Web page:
- Dental anxiety and quality of life: the effect of dental treatment
- Community Dentistry and Oral Epidemiology
- Volume | Issue number
- 36 | 5
- Pages (from-to)
- Document type
- Faculty of Dentistry (ACTA)
Objective: The aim of the present study was to determine the association between dental anxiety and quality of life (QoL) and to test the hypothesis that treatment of highly anxious patients would significantly enhance QoL.
Material and methods: Subjects were 35 highly anxious dental patients of a Dutch dental fear clinic who were assessed on dental trait anxiety (DAS and S-DAI) and QoL (oral health-related QoL with the use of OHIP-14, dental anxiety-related QoL with the SADAS, and general aspects of QoL using Global Assessment of Functioning, while five different aspects of life satisfaction were quantified on a VAS-scale) both prior to and after treatment (an average of six sessions of 45-60 minutes each). Also, both objective (DMFT and dentists' judgement) and subjective (patients' judgement) indices of oral health status were recorded.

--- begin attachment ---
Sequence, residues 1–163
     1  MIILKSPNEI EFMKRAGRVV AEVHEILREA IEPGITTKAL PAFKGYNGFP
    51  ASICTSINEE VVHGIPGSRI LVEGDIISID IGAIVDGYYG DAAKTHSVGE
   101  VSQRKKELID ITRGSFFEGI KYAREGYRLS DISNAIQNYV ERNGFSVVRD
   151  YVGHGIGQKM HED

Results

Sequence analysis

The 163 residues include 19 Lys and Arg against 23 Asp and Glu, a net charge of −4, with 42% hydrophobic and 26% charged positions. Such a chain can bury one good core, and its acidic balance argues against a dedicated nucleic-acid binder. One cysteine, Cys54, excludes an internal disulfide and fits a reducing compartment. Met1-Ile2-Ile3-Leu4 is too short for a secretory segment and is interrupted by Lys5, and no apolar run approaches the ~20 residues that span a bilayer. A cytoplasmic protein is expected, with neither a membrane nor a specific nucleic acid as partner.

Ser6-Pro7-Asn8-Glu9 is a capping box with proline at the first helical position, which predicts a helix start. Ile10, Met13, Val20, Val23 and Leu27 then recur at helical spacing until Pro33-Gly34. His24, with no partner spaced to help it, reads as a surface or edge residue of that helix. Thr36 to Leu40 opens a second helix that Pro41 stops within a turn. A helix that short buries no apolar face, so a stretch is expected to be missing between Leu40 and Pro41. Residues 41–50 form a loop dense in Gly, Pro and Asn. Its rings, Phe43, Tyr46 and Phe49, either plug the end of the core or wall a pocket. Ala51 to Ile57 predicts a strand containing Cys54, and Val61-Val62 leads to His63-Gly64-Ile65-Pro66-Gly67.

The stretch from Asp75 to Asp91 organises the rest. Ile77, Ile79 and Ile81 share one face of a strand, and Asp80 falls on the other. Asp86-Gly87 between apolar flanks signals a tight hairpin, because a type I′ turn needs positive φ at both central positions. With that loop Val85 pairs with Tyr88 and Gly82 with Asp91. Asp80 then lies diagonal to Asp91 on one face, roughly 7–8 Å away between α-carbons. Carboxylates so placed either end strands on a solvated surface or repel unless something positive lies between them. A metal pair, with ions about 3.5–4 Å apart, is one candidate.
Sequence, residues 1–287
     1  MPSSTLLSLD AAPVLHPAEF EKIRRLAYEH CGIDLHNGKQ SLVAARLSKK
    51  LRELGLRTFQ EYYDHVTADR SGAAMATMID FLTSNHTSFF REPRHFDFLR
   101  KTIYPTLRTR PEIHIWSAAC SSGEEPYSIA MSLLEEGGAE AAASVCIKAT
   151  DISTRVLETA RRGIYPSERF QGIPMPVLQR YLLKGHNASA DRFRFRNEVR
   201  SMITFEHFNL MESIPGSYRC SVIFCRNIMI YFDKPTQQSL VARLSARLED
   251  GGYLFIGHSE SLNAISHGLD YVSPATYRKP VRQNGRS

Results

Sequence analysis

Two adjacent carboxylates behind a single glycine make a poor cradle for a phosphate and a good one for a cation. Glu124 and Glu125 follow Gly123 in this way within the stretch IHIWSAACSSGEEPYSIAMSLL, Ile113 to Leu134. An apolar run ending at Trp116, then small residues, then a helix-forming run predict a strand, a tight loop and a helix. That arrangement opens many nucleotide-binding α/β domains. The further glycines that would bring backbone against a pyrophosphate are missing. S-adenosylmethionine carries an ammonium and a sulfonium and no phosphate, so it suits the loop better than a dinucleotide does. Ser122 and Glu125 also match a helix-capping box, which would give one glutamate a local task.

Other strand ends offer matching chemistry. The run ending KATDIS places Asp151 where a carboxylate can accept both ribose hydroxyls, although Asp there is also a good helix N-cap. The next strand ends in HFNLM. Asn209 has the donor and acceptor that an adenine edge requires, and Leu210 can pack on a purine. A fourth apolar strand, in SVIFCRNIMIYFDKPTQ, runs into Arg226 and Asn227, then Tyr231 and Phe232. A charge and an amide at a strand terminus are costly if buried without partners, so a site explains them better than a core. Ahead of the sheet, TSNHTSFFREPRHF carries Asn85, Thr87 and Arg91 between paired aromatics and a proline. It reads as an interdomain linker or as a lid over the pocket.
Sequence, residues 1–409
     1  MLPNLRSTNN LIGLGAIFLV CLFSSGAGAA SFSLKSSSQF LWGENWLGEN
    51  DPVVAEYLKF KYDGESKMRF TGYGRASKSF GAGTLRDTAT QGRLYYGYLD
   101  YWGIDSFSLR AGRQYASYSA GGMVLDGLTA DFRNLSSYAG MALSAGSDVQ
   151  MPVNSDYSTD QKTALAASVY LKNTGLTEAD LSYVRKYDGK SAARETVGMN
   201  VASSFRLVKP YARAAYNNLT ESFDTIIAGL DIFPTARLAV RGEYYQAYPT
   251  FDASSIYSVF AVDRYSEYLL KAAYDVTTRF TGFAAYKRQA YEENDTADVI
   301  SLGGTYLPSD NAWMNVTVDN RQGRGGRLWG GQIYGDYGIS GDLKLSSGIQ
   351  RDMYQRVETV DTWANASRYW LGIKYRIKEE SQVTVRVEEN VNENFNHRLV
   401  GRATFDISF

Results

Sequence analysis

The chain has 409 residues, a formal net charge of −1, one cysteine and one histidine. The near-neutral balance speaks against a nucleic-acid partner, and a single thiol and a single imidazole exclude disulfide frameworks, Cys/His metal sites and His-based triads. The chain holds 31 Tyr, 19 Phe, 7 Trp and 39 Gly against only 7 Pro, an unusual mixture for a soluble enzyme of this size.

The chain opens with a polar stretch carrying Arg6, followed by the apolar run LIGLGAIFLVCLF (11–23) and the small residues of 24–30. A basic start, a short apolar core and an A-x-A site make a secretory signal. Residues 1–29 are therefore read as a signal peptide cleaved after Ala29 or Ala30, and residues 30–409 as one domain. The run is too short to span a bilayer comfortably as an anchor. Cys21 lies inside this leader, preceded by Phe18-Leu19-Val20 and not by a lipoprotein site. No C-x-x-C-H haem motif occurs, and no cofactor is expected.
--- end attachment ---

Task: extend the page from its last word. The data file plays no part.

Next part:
Results: Higher dental anxiety was significantly associated with lower OH-QoL as indexed by the OHIP-14 (r = 0.51-0.56, P < 0.01). Treatment was associated with marked improvement on oral health status, reduction of dental anxiety, and improvements regarding a variety of aspects of QoL (all Ps < 0.001). Reduction of dental anxiety, rather than improved oral health, was found to predict enhanced OH-QoL.
Conclusion: The results underline the importance of applying effective treatment methods for dentally anxious patients, not only with the purpose to alleviate their dental anxiety and to improve their oral health, but also because it contributes to an enhancement of their QoL.
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